3. The title and book cover—make them distinctive walking that line between too flashy and too boring. Beware of too long, too cute, or using superlatives in titles. I once heard Thomas A. Harris, MD, author of the bestselling book, I’m OK, You’re OK.3 He said when his publisher launched his book in England, they changed the title to something more wordy and conservative, figuring the U.K. market wrong—it didn’t sell. At which time they changed the title back to its original name and it became a bestseller. I learned the hard way not to use the word, Death, in a title even if Nightline had the story on twice because the public interest and demand were so high. However, it would have been better to follow the example of Tuesdays with Morrie4 or Chasing My Sunshine5, but not A Good Death: A Couples’ Journey6. Who’s going to buy a book with that title other than a hospice? Not a dying person or his family who are in denial or holding out for a miracle! It also didn’t help that Terry Schiavo and the Pope died three days apart, the week our author was on his media tour.

On a lighter note, I’ve always found off-color pastels don’t sell as well when compared to stronger colors, but I’m sure there are exceptions. To make up your mind, go to the bookstore or and see the book covers that catch your attention—use them as a guideline for what you want.

4. Interesting writing style—use stories and case studies to illustrate practical application of the concepts or problems involved. As you have probably heard many times before, people love a good story. Involve yourself and your experience! Along with stories, people want a book to move along in logical order and in enough detail to explain something without boring the reader. We receive several thousand evaluations each year on books involved in our courses and readers complain when the train of thought jumps around and doesn’t flow logically in a book, or if content is repeated too many times. When there are multiple contributing authors, it is important that the editor checks the content, such as protocols and lab values, to make sure they agree between the chapters. Readers love a book that is so captivating they can’t put it down. That’s your job and the goal!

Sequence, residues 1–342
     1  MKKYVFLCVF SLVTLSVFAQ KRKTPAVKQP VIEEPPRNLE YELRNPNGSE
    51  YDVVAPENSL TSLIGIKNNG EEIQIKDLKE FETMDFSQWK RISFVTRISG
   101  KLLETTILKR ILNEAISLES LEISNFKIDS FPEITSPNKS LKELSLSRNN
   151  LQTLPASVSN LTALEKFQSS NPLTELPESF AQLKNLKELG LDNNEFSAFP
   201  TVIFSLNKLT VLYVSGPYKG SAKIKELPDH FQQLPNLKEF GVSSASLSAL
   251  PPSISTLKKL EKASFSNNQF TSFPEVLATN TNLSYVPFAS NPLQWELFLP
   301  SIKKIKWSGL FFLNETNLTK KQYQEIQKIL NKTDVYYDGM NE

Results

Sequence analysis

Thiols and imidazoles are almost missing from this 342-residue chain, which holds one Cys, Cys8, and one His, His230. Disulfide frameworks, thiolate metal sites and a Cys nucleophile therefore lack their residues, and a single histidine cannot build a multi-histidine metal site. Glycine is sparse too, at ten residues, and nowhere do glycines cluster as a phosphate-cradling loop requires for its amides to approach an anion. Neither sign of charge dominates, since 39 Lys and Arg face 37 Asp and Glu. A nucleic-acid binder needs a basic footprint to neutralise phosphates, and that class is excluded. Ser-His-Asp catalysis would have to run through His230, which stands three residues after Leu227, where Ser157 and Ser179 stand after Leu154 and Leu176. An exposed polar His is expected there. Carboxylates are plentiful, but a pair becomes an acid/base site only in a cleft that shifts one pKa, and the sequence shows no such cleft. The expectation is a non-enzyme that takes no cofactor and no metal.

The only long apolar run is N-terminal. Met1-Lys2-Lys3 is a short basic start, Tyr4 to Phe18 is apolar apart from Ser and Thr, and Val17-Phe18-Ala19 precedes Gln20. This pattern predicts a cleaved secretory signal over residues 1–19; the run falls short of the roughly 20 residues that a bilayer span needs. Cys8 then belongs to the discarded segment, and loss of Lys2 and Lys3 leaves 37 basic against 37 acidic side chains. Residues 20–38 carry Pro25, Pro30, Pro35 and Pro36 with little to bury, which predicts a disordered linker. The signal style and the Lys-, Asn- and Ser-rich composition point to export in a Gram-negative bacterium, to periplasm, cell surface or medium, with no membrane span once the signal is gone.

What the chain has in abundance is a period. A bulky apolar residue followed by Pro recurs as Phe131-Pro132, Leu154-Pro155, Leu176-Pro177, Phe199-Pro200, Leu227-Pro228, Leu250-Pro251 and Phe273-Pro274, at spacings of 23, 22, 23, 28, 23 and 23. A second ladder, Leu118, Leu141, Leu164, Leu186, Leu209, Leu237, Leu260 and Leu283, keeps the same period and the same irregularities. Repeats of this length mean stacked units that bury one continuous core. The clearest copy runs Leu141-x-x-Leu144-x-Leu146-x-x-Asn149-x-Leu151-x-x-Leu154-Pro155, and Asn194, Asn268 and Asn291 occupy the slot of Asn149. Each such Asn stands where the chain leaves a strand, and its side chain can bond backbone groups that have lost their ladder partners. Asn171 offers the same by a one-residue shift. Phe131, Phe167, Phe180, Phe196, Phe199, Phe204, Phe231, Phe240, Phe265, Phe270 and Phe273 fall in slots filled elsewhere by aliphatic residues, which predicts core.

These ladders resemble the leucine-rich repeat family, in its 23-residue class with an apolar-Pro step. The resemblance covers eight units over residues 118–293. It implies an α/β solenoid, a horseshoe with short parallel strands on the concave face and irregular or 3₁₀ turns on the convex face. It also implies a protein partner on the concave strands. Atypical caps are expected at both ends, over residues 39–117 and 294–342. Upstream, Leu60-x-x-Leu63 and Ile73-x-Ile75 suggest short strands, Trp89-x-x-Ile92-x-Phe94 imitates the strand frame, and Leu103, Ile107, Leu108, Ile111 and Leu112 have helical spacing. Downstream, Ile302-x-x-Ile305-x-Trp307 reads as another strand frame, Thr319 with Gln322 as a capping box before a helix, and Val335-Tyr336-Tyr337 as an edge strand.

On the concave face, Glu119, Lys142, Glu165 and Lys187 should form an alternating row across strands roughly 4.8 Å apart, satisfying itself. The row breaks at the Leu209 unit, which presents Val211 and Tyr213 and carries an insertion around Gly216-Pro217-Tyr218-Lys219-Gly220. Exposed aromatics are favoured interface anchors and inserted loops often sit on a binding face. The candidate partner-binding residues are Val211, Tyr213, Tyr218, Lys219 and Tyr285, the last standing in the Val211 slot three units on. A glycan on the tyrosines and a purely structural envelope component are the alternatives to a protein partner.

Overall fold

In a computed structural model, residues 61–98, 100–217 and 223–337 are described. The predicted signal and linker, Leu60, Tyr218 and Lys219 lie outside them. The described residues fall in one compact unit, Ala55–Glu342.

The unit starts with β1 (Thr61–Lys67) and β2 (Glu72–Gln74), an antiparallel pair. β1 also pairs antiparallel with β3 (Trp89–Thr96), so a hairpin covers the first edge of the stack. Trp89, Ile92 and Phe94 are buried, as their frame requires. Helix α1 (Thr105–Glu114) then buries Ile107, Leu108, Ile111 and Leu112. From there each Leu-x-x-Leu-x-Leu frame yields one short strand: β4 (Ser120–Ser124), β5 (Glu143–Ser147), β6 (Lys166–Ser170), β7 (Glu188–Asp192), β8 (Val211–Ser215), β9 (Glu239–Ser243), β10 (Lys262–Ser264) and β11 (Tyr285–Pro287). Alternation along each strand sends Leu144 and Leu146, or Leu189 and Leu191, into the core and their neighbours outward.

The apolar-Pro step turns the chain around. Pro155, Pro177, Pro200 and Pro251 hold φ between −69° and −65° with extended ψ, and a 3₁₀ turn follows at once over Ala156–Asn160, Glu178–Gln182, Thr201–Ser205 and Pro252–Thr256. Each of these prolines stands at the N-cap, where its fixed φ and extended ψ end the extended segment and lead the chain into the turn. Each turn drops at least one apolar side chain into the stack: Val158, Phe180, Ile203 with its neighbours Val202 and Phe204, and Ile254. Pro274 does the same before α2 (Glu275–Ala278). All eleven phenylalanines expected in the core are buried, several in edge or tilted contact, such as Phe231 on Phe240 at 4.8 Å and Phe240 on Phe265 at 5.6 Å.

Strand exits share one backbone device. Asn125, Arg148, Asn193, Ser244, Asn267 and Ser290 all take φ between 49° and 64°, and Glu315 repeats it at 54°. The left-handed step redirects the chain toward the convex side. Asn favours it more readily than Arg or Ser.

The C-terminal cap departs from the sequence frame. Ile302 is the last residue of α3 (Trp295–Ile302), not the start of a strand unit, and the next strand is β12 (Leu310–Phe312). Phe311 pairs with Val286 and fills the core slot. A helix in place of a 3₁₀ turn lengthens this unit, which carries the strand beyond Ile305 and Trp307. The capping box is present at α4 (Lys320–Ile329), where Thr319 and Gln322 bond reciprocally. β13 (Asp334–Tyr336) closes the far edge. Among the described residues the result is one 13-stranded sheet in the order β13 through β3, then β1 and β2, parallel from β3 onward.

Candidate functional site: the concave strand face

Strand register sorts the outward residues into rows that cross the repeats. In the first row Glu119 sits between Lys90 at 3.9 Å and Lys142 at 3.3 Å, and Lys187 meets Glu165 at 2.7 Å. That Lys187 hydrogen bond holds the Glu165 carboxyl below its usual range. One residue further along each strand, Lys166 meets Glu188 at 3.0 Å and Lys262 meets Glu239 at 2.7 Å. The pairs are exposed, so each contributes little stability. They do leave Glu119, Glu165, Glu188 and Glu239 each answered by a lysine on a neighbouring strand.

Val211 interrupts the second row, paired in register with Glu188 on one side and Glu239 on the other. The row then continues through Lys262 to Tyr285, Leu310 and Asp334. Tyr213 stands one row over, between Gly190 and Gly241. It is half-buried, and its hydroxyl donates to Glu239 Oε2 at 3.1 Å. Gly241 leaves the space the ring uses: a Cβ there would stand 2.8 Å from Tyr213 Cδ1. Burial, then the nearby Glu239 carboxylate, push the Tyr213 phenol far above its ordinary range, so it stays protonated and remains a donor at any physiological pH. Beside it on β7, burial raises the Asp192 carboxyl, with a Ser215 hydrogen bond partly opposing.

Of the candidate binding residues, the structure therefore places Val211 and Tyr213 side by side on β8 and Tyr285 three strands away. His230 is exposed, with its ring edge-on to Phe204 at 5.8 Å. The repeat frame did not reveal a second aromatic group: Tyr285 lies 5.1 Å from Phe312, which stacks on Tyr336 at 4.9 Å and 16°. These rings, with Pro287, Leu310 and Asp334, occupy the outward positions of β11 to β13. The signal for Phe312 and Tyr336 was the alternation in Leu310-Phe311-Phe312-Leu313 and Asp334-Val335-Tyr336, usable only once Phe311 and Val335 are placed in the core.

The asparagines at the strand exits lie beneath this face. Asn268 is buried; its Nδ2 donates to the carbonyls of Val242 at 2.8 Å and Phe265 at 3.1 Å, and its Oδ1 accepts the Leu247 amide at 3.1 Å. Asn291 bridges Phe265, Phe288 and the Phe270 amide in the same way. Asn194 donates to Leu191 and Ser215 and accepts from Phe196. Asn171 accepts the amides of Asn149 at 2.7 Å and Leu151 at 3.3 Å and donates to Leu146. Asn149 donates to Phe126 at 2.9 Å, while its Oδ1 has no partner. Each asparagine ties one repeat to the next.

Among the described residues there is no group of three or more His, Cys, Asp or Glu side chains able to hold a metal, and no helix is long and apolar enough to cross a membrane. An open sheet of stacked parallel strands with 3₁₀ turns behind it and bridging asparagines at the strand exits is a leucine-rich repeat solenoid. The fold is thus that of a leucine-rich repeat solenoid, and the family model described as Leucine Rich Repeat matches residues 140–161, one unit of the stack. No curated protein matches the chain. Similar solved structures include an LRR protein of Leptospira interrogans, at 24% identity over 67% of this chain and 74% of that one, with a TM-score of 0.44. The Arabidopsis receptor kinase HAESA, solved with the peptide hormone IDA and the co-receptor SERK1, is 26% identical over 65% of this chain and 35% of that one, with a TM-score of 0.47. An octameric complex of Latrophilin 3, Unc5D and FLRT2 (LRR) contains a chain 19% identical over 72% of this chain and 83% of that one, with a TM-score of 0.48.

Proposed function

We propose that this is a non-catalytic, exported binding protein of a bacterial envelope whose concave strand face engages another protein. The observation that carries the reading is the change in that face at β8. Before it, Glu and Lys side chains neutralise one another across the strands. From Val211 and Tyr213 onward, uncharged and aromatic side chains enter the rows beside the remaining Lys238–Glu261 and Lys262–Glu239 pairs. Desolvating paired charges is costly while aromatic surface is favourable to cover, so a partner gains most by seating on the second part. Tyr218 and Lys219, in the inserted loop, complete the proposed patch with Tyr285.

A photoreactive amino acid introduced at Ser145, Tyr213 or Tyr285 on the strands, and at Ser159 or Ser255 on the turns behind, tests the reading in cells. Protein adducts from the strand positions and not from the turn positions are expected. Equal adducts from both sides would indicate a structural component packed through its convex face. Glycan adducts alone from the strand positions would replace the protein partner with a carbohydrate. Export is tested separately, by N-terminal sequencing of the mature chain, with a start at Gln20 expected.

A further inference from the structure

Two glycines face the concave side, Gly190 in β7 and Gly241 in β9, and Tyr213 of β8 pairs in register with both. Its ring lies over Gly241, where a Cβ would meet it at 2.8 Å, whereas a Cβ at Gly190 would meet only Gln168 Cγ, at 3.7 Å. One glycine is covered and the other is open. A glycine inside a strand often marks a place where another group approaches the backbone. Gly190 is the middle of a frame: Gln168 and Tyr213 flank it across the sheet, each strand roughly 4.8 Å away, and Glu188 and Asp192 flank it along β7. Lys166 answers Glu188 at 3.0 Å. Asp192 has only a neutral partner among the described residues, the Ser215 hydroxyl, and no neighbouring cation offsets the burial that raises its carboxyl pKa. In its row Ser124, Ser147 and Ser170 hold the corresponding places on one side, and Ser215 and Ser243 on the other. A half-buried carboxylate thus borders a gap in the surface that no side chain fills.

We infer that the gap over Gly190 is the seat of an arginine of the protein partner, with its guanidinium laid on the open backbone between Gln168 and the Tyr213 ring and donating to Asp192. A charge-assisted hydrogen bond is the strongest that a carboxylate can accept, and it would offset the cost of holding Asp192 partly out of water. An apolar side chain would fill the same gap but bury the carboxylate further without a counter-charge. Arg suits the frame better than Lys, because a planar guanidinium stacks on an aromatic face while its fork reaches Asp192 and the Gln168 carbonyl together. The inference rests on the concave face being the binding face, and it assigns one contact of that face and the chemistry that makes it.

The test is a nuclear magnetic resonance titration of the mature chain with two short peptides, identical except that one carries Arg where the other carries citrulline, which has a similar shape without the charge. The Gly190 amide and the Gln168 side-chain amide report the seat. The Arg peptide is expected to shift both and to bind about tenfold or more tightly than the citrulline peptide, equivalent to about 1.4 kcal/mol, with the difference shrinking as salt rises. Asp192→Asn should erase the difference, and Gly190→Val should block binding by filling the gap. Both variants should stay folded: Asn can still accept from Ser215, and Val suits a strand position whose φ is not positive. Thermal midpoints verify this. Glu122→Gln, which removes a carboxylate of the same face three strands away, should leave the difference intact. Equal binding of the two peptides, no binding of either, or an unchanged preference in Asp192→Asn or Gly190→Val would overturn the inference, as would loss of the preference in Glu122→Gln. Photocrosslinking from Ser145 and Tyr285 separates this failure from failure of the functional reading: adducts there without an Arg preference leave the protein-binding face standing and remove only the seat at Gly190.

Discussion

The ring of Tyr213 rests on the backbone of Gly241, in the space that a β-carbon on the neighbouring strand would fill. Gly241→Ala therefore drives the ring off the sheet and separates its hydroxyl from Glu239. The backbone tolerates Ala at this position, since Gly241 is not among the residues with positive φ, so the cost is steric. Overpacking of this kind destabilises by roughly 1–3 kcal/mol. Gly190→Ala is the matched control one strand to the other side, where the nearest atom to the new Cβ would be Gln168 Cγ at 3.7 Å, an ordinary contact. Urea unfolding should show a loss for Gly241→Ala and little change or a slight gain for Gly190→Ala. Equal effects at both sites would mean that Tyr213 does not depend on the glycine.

5. Well-researched—readers want to know that authors have thoroughly looked at the research and considered various points of view, if they exist. References are important either at the end of each chapter or at the end of the book. Today, more publishers are posting a short bibliography in the book and full references online.

6. Layout—should be easy to read! That means using a decent size font with white space between the lines and in the margins. Use clean, strong charts that look professionally done. Small, faint text really turns readers off. Whether you are self-publishing or working with a publisher, you will see the final page layout before the manuscript is printed, and if it does not look good, say something!

7. Don’t be afraid of controversy! You don’t have to agree with the government, your profession, or peers. Speak your mind and support your arguments! When I was on NBC-TV as the NoonDay Nutritionist in Denver many years ago, I had a listener tell me, “I don’t always agree with what you say, but I think you are fair.” When I started covering more controversial subjects, I had to spend twice as much time getting ready for the show, including interviewing experts for their quotes, but our viewership doubled! I’ve tried to bring that respect for and use of controversy into my speaking and writing for the profession.


  1. Bolz-Weber N, Pastrix: the Cranky Beautiful Faith of a Sinner & Saint. 2013. NY: Jericho Books.
  2. Buckmaster C, Ludmilla Drucilla Gorilla at the Wild Horse Ranch. 2013. Mustang, OK: Tate Publishing.
  3. Harris T, I’m OK; You’re OK. 1969. NY: HarperCollins.
  4. Albom M. Tuesdays with Morrie: an old man, a young man, and life’s greatest lesson. 1997. NY: Doubleday.
  5. Harris M. Chasing My Sunshine. 2013. Amazon Kindle Books.
  6. Schmidt L, Pizzarello J. A Good Death: A Couple’s Journey. 2005. Lake Dallas, TX: Helm Publishing.